It’s Pride month and the 50th anniversary of the Stonewall riots. New York City–especially Broadway Dance Center–is celebrating love loud and proud by walking in the Pride March again and hosting special Pride March fundraiser classes. Amidst all this joy, pride, and celebration, it’s important to remember how far we’ve come (and also how far we still have to go) in the fight for LGBTQIA+ rights and respect.
The arts reflect life, and the dance world has often ignited social change (Martha Graham and Alvin Ailey are but two choreographic changemakers that come to mind). It’s not quite a surprise, then, to know that the dance community had a huge influence on making “gay” visible, accepted, and mainstream.
Let’s start with some cultural history. Back in 1991, Madonna released the “Truth or Dare” documentary which followed her Blond Ambition World Tour and shined a spotlight on her seven backup dancers–Carlton Wilborn, Jose Gutierez Xtravaganza, Oliver Crumes, Luis Camacho, Kevin Stea, Gabriel Trupin, and BDC’s own Salim (aka “Slam”) Gauwloos. These young men were flamboyant, confident, sexy, and unapologetically themselves. They had style, they had grace…you know the rest! Keep in mind, this was 1991–before the Internet, before marriage equality, before “Will & Grace,” before the reality TV takeover, and definitely well before Facebook. The documentary changed lives and inspired millions. While you can go watch “Truth or Dare” online (or a more recent documentary, “Strike a Pose,” also profiling these seven back-up dancers and currently available on Netflix and iTunes), we wanted to delve deeper into this story. We got the chance to speak intimately with Slam who teaches contemporary dance here at Broadway Dance Center. So, how did a ballet dancer from Belgium get thrust into the spotlight not only as a Madonna dancer, but unintentionally becoming a gay icon and activist?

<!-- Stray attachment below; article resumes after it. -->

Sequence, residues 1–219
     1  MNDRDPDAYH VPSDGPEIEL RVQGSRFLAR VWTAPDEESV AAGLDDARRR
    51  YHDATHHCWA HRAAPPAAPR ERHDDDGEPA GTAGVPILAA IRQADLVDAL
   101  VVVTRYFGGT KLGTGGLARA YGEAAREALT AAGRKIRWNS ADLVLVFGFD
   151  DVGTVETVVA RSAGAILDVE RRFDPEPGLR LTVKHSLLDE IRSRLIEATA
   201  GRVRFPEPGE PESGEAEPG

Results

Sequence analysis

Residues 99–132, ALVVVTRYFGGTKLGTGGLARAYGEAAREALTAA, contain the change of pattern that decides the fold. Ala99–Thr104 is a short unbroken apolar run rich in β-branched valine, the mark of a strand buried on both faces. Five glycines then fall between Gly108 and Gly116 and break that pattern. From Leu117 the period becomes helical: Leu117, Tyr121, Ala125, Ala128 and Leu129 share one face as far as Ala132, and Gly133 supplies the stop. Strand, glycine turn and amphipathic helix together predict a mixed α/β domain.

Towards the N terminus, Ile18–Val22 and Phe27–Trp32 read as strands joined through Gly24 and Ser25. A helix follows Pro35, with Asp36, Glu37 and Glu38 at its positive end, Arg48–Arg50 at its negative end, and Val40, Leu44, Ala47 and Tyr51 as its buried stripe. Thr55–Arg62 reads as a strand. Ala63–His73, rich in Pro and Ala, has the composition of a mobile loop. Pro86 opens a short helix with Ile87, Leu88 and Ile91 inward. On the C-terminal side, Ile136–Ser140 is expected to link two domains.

Salim “Slam” Gauwloos was born in Borgerhout, Belgium in 1968 to a Belgian mother and Moroccan father. “At age five I knew I was gay,” Slam chuckles. “I loved dressing up in my mother’s clothes and playing with Barbies. My family had no problem with it, but I was bullied a lot at school.”
Slam grew up taking gymnastics but later gravitated toward dance. “I wanted to do ballet because I loved music and expressing myself through movement.” At 13, Slam auditioned and was accepted to the Royal Ballet School of Flanders.
At 18, he received a scholarship to study at a prominent dance studio in New York City. “I had to pay my own way,” he recalls. “So I worked as a dishwasher the summer before I left Belgium.” At the studio, Slam essentially became a work-study student–working at the studio in exchange for free classes. “My English was not good, and I couldn’t work at the front desk,” he admits. “I cleaned a lot of toilets!”
During his time in New York City, Slam landed a few exciting jobs in music videos for Rick Astley and Lisa Lisa & Cult Jam and made it to the finals of “Star Search” with the dance group, Innaffekt. “But my goal was to dance for Alvin Ailey,” he remembers. “I dreamed he would see me dancing in class and ask me to join his company right there!” And in fact, Slam was accepted to Ailey II, the Dance Theater’s second company, but he turned it down for another exciting opportunity that came out of the blue…
“Back in my day, all the auditions were posted in Backstage newspaper. We couldn’t wait to get our hands on the paper every week!” Slam explains. “I saw the listing for the Madonna tour audition and a friend convinced me to go.” Hundreds and hundreds of men lined up around the block to be seen by Madonna–who was in the audition room from day one. “Some guys brought her flowers and were kissing up to her,” Slam remembers. “I wasn’t about that, and I think she liked that about me.” After a week of callbacks for choreographer, Vincent Patterson, Slam received a personal phone call from Madonna asking him to join her tour. He was one of only seven back-up dancers on the Blond Ambition tour, and rehearsals started just a few weeks after he got the call.
While rehearsing for the tour in Los Angeles, the cast filmed the iconic “Vogue” music video, directed by David Fincher. Right from the start, Slam (who is heavily featured in the video) and the rest of the troupe were thrust into the spotlight.